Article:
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Ritch Viola was a brand manager at Oakland, Calif.-based Clorox Co. in 2001 when he found something at a Target store that disturbed him. It was a high-concept dish detergent-Method Home's upside-down bottle then in test market. Why, he wondered, couldn't Clorox do something like that?

Mr. Viola, 33, may have started as a CPA before turning to brand management, but he was chafing in the left-brained world of package-goods. When he discovered Method was across the bay in San Francisco, he sent his resume, which founder Eric Ryan kept pinned on his wall for nearly a year until he could hire him as VP-marketing.

Crossing the bay meant traversing a philosophical gulf. Mr. Viola left behind 30-second spots and ultra-analytic pre-qualification for trial-and-error testing and shoestring budgets. But Method's magnetism also attracted hot shop Crispin Porter & Bogusky, Miami, which barged uninvited but highly welcome into its agency review.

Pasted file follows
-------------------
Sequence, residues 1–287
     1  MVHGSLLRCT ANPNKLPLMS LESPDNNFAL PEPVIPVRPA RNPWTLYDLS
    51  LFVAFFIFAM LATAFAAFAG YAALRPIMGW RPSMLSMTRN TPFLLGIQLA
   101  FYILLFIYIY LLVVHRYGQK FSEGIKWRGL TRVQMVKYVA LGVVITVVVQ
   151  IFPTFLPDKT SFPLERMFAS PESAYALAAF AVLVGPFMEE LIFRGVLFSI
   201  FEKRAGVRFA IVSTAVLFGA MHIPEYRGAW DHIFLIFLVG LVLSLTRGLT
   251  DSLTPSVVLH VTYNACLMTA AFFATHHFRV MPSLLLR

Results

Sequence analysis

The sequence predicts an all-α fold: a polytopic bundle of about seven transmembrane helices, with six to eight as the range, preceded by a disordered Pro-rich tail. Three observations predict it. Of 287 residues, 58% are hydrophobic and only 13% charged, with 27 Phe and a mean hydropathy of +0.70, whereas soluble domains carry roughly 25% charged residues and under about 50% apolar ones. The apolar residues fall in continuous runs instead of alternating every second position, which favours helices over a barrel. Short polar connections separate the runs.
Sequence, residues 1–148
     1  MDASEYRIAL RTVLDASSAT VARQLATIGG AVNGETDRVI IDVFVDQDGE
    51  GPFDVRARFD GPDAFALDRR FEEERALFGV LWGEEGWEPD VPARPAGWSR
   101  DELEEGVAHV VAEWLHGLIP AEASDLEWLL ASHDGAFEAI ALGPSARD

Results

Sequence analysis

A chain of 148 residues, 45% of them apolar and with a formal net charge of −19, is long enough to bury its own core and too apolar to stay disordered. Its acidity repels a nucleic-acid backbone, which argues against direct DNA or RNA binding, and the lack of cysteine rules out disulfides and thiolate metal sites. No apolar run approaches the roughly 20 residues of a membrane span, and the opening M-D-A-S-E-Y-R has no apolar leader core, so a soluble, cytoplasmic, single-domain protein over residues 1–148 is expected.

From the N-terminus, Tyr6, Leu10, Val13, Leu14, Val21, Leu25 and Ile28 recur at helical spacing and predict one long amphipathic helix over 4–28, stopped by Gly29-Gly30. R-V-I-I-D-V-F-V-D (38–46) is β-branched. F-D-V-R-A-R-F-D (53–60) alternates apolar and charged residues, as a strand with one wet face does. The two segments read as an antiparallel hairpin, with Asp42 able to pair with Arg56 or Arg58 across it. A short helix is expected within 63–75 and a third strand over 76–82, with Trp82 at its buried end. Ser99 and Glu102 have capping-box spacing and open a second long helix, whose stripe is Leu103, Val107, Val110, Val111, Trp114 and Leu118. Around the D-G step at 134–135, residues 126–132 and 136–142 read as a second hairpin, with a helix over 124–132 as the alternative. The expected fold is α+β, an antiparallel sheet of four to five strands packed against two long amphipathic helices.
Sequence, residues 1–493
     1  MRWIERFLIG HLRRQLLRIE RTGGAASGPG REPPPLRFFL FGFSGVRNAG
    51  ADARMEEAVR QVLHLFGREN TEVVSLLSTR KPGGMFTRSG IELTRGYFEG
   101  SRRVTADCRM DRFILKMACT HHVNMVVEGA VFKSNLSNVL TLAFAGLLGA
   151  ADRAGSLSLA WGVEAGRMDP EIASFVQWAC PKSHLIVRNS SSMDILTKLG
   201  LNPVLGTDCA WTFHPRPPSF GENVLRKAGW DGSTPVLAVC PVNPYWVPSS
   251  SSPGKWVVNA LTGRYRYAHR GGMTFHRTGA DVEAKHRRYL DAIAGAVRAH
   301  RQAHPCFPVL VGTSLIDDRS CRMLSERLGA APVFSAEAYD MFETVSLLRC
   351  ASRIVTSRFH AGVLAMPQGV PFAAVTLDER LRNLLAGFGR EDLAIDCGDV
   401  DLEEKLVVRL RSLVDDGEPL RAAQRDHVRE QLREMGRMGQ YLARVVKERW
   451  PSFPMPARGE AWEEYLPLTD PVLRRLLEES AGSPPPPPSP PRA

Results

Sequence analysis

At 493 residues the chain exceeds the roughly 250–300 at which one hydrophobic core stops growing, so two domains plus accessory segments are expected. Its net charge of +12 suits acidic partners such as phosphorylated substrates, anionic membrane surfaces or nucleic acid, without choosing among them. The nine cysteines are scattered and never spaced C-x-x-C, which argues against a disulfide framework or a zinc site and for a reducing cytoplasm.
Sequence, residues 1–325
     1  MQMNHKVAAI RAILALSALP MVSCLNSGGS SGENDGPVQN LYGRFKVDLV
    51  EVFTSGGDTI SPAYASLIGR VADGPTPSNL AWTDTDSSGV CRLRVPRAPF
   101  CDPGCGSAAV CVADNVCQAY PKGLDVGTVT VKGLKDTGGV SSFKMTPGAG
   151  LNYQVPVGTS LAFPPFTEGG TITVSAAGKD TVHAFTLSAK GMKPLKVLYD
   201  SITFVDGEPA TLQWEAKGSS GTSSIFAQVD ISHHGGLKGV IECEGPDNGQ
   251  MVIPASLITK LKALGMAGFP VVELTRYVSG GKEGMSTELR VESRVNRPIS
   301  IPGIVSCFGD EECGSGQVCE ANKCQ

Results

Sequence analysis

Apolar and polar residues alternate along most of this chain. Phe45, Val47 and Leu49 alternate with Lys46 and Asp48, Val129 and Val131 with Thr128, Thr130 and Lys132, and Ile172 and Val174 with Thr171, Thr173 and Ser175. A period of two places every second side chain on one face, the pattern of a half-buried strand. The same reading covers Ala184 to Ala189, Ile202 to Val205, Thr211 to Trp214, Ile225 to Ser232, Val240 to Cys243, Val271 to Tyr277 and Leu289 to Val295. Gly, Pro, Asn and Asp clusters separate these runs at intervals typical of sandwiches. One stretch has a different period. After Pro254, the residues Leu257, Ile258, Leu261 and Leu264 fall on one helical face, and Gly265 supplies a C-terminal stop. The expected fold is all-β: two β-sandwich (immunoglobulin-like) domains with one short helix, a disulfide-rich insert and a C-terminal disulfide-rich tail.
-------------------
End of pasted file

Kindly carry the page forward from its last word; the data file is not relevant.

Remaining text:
Under Mr. Viola and Crispin, Method has produced such novel marketing vehicles as a pop-up store in San Francisco to showcase its now 125-item product line, a 16-page "People Against Dirty" book stitched into two national magazines, and Cannes Grand Prix-winning interactive effort that let people wash their sins away virtually with Method hand soap. may have won a Grand Prix, but the pop-up shop and booklet won more customers. They'll be repeated on a larger scale this year and next. The upside-down dish soap may have gotten attention, but Method has since turned it right-side up again to win over less-adventurous consumers.

Such flips would make most package-goods executives nauseous, but Method remains very much on the uphill slope. It's on pace to double sales this year, with sales in outlets measured by Information Resources Inc. at $25 million for the 52 weeks ended Aug. 7, up from a $15 million run rate 10 months earlier.

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